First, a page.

“Or maybe… Maybe it’s the clouds. An optical illusion, messing with our brains.” But I knew that didn’t make much sense. “Aliens?” I said, finally.

Over the next hour we saw more shifting stars, crisscrossing in all directions. Most came in an orderly line from top to bottom. Some snuck in from left to right, disappearing before we’d even had the chance to point them out. We whittled away at explanation after explanation, until we hadn’t any ideas left.

So, the next day I got to googling.

Between UFO forums, and the many, many conspiracy theorists, I discovered the Bath Astronomers website. If anyone could solve this mystery, it’d be them.

I explained the situation in an email. And, to my surprise, we got a response.

“It’s most likely artificial satellites,” they told me. “There are several thousand in the night sky.” Some satellites, they explained, are launched in batches of sixty, so appear to follow each other through the black.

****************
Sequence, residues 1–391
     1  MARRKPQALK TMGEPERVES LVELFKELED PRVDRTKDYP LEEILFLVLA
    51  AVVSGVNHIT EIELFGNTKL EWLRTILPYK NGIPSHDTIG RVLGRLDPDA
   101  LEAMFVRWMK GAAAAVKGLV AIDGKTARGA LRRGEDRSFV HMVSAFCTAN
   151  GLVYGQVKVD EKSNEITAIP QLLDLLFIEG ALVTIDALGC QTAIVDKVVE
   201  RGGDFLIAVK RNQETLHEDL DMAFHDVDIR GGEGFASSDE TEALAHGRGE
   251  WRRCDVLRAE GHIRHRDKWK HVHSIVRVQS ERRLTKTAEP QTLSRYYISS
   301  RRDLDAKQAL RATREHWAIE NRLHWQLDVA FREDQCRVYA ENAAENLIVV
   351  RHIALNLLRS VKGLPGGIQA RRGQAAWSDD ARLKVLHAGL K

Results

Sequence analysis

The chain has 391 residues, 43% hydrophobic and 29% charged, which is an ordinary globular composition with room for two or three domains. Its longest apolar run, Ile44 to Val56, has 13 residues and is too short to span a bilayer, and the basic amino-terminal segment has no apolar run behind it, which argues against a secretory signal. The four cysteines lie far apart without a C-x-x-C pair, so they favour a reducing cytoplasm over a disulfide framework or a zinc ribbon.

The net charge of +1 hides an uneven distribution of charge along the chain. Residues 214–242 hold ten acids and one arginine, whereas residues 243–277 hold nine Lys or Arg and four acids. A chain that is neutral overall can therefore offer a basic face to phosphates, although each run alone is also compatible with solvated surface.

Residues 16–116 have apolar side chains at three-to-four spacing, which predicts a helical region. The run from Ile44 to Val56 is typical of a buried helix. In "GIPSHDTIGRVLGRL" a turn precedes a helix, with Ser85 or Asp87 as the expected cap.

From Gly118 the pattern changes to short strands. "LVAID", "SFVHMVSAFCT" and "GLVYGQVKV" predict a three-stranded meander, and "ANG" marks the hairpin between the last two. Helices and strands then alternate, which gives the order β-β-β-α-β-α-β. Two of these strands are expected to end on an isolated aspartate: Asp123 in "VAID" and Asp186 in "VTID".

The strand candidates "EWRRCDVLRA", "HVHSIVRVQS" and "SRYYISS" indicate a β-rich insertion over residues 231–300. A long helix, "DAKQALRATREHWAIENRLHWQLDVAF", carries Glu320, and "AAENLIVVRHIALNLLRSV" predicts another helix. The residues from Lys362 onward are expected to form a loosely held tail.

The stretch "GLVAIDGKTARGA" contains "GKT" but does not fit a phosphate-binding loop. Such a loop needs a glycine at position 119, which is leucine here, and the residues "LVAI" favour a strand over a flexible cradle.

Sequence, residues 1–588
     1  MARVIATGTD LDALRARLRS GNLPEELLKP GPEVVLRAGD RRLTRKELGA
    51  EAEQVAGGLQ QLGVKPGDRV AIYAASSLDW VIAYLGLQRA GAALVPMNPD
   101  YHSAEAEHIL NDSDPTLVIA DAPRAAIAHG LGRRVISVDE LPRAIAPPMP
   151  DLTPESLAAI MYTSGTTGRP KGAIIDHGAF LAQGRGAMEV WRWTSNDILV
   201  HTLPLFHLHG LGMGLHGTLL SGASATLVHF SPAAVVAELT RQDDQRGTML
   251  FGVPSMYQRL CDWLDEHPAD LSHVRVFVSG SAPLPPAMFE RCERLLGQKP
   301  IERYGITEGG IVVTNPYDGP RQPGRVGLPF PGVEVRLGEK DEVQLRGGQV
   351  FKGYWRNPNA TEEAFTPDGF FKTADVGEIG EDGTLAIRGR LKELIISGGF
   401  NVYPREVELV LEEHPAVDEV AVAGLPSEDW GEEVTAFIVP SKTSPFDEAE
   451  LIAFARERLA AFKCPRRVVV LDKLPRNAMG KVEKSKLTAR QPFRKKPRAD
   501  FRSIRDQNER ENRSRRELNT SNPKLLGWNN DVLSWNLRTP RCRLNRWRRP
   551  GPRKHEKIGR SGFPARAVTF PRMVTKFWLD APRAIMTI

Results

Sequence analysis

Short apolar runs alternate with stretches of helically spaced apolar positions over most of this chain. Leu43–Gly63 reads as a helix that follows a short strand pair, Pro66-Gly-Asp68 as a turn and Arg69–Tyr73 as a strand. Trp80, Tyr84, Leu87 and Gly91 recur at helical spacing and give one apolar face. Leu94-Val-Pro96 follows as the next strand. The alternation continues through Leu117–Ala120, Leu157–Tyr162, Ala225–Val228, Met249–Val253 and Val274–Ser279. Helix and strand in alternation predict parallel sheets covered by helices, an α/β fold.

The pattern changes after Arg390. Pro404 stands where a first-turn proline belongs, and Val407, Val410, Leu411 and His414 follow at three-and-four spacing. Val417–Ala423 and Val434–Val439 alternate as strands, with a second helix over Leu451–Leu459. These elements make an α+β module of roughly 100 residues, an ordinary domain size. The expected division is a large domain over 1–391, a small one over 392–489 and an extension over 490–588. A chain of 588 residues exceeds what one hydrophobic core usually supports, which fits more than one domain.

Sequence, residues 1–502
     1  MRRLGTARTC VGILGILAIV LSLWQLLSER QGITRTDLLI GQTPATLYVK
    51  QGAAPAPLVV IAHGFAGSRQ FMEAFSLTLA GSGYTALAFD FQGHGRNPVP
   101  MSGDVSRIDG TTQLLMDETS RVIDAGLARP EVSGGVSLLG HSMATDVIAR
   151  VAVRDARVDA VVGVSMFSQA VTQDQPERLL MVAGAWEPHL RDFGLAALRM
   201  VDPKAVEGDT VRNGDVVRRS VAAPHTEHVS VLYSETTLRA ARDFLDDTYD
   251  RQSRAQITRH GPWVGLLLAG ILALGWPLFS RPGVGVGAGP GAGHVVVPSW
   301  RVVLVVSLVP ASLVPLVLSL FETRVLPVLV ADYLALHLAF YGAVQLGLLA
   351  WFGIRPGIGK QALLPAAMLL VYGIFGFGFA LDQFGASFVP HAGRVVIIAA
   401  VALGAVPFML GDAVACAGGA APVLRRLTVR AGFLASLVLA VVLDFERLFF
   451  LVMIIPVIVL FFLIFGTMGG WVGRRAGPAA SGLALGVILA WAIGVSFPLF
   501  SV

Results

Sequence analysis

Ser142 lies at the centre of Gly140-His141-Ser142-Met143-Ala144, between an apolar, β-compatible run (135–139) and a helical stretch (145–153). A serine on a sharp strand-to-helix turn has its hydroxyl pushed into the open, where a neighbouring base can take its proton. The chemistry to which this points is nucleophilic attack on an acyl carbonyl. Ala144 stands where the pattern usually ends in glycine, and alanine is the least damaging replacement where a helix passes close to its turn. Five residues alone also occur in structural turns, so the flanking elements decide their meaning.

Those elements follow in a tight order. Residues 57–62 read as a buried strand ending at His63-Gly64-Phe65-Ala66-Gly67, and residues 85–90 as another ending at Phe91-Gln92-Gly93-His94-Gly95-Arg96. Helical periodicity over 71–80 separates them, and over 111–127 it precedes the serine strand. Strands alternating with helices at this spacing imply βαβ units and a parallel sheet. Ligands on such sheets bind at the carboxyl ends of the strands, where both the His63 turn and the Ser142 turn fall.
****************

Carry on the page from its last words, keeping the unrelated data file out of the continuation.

They recommended us a program, Stellarium, which digitally tracks objects in space. We loaded it up, and were greeted with a very bland, very British field. The interface was a little complex, but after a while we got the hang of it. We could select a location anywhere in the world, and the night sky in the program would match the view from that location. Even better was the fact that Stellarium allowed us to time travel.

Mars, bright and orange, to our right. The moon, watching proudly from our left. With our view aligned, and the timeframe adjusted, we were there. The night in question.